Could Your Child Be Dyslexic?

14 April 2005

Publication: Daily Mirror

How to spot the signs and make sure your child lives a fulfilling life

Even in these enlightened times there’s a stigma attached to dyslexia – especially for children in school. Yet the genetic illness has nothing to do with intelligence – genius Albert Einstein was a sufferer. But because it’s characterised by poor reading and writing, many dyslexic people are considered dim. According to the Dyslexia Institute, if affects 10 per cent of us but often goes unidentified until it’s too late. To confuse things further, many sufferers also have dyspraxia (problems with movement and coordination) or ADHD (Attention Deficit Hyperactivity Disorder). For the Dyslexia Institute’s chief executive Shirley Cramer, the key is that children get the right help as soon as possible. If your child is dyslexic, here’s what to do.

Don’t panic“Dyslexia doesn’t mean your child can’t achieve their potential,” says Dr John Rack, head of R&D at the Dyslexia Institute. Many dyslexic people are creative thinkers with problem-solving skills who make good architects, IT experts, engineers and designers.

Tackle itThe earlier your child is diagnosed, the better. “Speak to the school about getting a report by an educational psychologist,” advises Dr Rack. “If your child is severely dyslexic, the school can claim money from its local authority to fund specialist tuition. However, extra funding doesn’t apply to private education. “It’s also a good idea to see your GP to rule out problems with eyesight and hearing.”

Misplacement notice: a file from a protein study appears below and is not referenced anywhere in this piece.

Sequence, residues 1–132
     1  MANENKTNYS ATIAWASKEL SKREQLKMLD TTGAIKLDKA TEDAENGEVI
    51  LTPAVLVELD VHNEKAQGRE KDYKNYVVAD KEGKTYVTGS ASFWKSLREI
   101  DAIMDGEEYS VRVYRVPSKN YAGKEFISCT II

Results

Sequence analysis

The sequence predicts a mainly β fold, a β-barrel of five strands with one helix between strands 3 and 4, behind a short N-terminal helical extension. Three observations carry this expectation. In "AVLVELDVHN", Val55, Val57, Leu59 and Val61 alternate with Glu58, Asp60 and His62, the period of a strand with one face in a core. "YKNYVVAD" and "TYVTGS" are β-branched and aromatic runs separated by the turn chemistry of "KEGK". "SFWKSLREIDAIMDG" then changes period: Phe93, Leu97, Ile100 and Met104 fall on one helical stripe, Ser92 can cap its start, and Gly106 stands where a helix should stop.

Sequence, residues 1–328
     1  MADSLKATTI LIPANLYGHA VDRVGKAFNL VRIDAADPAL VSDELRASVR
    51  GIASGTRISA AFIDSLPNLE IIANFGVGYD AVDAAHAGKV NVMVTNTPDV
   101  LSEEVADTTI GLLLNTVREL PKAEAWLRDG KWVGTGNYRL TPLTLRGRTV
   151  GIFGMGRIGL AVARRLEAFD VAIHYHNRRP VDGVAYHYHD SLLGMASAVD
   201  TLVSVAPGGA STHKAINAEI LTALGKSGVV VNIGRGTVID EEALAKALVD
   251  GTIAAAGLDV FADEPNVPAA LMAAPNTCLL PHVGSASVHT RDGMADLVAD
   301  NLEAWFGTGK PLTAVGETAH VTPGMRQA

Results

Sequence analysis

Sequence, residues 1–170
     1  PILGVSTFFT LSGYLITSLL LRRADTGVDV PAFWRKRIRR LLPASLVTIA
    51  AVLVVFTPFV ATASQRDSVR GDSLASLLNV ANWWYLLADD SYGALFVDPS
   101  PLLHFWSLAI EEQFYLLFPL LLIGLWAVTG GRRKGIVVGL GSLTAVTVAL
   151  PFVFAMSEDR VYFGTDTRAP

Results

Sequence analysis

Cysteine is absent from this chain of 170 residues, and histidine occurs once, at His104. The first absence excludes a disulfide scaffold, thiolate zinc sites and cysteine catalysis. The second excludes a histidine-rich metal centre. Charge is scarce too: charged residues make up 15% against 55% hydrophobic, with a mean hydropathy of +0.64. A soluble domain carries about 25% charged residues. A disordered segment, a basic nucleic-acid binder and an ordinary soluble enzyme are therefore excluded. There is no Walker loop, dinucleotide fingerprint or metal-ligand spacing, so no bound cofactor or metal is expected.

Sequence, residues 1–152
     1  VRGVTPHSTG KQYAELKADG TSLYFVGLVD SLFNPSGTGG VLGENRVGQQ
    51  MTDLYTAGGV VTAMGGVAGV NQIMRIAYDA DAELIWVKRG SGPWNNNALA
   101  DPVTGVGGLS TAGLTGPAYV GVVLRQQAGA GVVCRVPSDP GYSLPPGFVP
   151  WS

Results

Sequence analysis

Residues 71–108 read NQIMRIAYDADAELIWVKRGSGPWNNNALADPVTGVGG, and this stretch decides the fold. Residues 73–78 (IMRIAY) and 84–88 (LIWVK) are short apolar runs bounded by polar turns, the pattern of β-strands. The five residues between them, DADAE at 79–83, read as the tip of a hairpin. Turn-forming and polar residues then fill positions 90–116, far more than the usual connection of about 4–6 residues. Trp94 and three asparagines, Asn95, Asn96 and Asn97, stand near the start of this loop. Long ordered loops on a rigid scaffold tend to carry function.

Work with the school“The school should always be able to help – don’t take no for an answer,” says Dr Rack. “This could involve extra tuition. Dyslexic children need emphasis on the sounds and formation of letters.”It may also involve extra time in exams or helping them to write their homework properly.

Get outside helpScans reveal the brain of a dyslexic works differently to that of a person without the condition.The Dyslexia Institute offers multi-sensory tuition, which helps children learn by sound, sight and touch, such as by making letters in plasticine.

Be diet-awareClinical trials show that essential fatty acids help learning ability and concentration.Low levels of these acids lead to slower development, behavioural disorders and low IQ. Nutritionist Dr Jackie Stordy says: “Children need 600-1000mg of Omega-3 oils a day, the equivalent of two to three servings of oily fish such as salmon or mackerel a week.”Alternatively, try a good fish-oil supplement such as Efalex by Efamol (£6.99 for 60 capsules).

Inspire them“Read to them and use technology, such as talking books and spell checks,” advises Dr Rack.Boost their confidence by praising them and telling them about high-fliers with dyslexia such as Jamie Oliver or Richard Branson.

For info, contact the Dyslexia Institute on or call 01784 222300.

Spot the signsIf most of these statements apply to your child, they could be dyslexic, especially if others in the family have similar problems.- Learned to talk late.- Are bright but have a block when reading, writing, or spelling.- Write back to front, eg ‘b’ not ‘d’.- Have poor concentration when reading and writing.- Read a word correctly then don’t recognise it later.- Confuse right and left.- Have a poor sense of rhyme.- Can’t understand time and tense.- Can’t copy from a blackboard.- Are unusually clumsy.

The importance of fatty acids

Read more